Next Generation Sequencing (NGS) is a general name for high throughput DNA sequencing technologies, which intend to lower the cost and higher the speed of DNA sequencing beyond what is possible with standard dye-terminator methods.

Method Pyrosequencing (454) Sequencing by synthesis (Illumina) Chain termination (Sanger sequencing)
Read length 700 bp 50 to 250 bp 400 to 900 bp
Accuracy 99.9% 98% 99.9%
Reads per run 1 million Upto 3 billion N/A
Time per run 24 hours 1 to 10 days, depending upon sequencer and specified read length 20 minutes to 3 hours
Cost per 1 million bases (in US $) 10$ $0.05 to $0.15 $2400
Advantages Long read size. Fast Potential for high sequence yield, depending upon sequencer model and desired application. Long individual reads. Useful for many applications
Disadvantages Runs are expensive. Homopolymer errors. Equipment can be very expensive. More expensive and impractical for larger sequencing projects.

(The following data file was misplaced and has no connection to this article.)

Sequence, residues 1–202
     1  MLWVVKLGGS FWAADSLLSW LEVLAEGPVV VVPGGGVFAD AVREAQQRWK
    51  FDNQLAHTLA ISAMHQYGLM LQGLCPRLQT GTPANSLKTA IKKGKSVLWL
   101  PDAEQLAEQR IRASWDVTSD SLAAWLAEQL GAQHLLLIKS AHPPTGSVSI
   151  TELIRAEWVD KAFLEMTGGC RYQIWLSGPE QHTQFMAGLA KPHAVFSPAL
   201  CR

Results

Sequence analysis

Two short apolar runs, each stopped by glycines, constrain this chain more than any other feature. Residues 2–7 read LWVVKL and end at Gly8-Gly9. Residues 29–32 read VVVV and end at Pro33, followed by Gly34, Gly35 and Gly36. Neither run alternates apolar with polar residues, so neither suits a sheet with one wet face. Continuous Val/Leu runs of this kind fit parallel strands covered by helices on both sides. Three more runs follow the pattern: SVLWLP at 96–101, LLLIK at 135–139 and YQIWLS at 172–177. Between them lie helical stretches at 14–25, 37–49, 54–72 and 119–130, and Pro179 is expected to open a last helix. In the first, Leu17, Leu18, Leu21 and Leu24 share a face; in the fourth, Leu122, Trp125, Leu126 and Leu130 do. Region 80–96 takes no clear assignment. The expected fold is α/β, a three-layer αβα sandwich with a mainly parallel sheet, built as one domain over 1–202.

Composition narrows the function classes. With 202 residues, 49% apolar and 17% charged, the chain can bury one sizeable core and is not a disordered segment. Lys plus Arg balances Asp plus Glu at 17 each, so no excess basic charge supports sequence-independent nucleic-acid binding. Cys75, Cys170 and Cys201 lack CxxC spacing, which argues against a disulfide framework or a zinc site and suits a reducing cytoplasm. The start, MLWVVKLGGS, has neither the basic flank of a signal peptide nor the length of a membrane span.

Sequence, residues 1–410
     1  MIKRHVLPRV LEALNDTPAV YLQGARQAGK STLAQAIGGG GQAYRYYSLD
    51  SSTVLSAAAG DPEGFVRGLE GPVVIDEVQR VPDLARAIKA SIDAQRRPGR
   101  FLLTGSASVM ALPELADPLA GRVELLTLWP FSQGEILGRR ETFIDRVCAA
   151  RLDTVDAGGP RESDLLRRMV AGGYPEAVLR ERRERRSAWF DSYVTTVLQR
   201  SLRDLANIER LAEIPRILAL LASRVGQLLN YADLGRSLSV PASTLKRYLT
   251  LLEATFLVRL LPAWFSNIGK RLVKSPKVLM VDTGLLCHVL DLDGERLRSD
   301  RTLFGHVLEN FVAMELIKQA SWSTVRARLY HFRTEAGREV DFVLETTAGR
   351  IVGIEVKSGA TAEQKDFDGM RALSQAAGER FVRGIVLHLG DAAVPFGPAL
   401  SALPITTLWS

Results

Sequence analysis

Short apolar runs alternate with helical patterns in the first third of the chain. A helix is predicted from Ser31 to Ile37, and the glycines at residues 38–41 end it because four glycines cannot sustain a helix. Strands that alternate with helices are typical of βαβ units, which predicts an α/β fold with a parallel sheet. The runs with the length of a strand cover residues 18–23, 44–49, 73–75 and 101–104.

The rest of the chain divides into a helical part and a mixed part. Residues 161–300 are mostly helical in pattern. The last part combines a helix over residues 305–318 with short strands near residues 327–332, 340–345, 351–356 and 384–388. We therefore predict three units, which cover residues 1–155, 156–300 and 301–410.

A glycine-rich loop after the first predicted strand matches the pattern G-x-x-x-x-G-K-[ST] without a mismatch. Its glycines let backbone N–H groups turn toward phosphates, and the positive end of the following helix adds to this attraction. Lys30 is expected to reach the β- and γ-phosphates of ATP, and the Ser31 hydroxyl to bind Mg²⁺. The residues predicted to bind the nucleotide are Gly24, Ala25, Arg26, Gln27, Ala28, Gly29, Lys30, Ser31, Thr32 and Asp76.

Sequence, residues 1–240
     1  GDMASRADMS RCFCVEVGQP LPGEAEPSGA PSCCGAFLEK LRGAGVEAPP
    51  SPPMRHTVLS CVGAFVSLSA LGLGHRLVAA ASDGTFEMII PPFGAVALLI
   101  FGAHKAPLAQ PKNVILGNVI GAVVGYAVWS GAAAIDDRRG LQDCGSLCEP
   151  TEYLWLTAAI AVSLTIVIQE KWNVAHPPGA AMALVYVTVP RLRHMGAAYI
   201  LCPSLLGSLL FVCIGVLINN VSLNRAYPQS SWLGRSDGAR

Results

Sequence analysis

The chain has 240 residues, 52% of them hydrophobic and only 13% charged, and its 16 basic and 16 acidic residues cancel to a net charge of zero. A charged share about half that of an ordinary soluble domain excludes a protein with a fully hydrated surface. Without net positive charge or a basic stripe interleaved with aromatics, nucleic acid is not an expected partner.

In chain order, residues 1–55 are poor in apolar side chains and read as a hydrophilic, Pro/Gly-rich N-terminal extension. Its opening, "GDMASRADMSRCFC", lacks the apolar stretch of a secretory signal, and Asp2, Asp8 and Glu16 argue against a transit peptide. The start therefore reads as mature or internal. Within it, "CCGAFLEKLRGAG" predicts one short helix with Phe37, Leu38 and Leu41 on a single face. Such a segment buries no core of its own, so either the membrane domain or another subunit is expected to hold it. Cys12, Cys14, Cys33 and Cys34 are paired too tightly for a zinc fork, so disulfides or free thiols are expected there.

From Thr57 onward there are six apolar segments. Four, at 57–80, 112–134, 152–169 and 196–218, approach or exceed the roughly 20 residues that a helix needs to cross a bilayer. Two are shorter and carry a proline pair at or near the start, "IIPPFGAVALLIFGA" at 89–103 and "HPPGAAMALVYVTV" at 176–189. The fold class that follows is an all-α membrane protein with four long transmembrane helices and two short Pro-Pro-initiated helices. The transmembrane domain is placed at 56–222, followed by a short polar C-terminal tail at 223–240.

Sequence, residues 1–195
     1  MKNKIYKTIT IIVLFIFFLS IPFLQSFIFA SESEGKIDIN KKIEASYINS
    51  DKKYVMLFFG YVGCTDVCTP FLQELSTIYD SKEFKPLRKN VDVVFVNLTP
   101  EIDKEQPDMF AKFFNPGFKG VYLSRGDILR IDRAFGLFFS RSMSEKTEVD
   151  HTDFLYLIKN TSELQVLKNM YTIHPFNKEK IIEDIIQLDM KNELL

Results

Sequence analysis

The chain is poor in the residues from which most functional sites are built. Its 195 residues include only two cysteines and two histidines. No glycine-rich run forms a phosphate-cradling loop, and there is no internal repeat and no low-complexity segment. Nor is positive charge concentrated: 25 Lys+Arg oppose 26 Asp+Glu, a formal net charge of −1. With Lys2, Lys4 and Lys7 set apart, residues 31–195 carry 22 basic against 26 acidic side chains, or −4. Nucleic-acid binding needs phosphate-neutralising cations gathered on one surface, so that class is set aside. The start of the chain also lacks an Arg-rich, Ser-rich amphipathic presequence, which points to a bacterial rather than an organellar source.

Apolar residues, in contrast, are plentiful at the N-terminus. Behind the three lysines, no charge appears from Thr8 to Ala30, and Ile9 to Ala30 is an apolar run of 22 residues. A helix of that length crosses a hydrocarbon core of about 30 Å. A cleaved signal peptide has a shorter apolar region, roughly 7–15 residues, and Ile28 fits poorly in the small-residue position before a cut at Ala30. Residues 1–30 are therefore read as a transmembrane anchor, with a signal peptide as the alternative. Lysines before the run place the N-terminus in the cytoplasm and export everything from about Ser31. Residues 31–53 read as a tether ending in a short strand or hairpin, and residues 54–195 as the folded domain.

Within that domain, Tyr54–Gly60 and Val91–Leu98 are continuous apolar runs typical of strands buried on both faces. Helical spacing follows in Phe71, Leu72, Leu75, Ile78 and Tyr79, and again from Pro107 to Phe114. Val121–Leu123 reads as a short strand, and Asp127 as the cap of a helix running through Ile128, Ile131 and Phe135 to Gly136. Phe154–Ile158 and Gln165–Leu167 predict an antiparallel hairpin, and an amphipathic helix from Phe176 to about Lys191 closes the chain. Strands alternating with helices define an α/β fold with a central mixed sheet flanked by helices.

Illumina sequencing technology based on adding four types of reversible terminator bases, each fluorescently labeled with a different color and attached with a blocking group. Those bases are compete for binding sites on template DNA to be sequenced and the non incorporated molecules are washed away. Then a laser is applied and remove the blocking group and the probe, and the process is repeated until full DNA molecule is sequenced. By fluorescently detection on every repeat the DNA is sequenced.

image1

Roche 454 technology
(pyrosequencing)

AGTC cycle

Pyrosequencing. Template is attached to a bead surface, and a primer directs DNA synthesis, which involves addition of one deoxynucleoside triphosphate (dNTP) per sequencing cycle. One signal is generated per cycle by assaying the amount of pyrophosphate (PPi) released using a two-step reaction: Adenosine 5'-phosphosulfate (APS) and PPi is used to form ATP catalyzed by ATP-sulfurylase, and the ATP is used for production of light from luciferin oxidation catalyzed by luciferase.

The products of the reaction are released in solution and are contained within small wells to enable mapping of the signal to each template. The number of bases present in a homopolymeric run is decoded by quantifying the amount of PPi released in a reaction. Intensities are plotted with respect to the order of successful signal detections to create a 'flowgram'.

From: Bentley D, (2006) Current Opinions in Genetics and Development, 16:546-552
Ronaghi M.(2001), Genome Res. 11: 3-11
www.roche-applied-science.com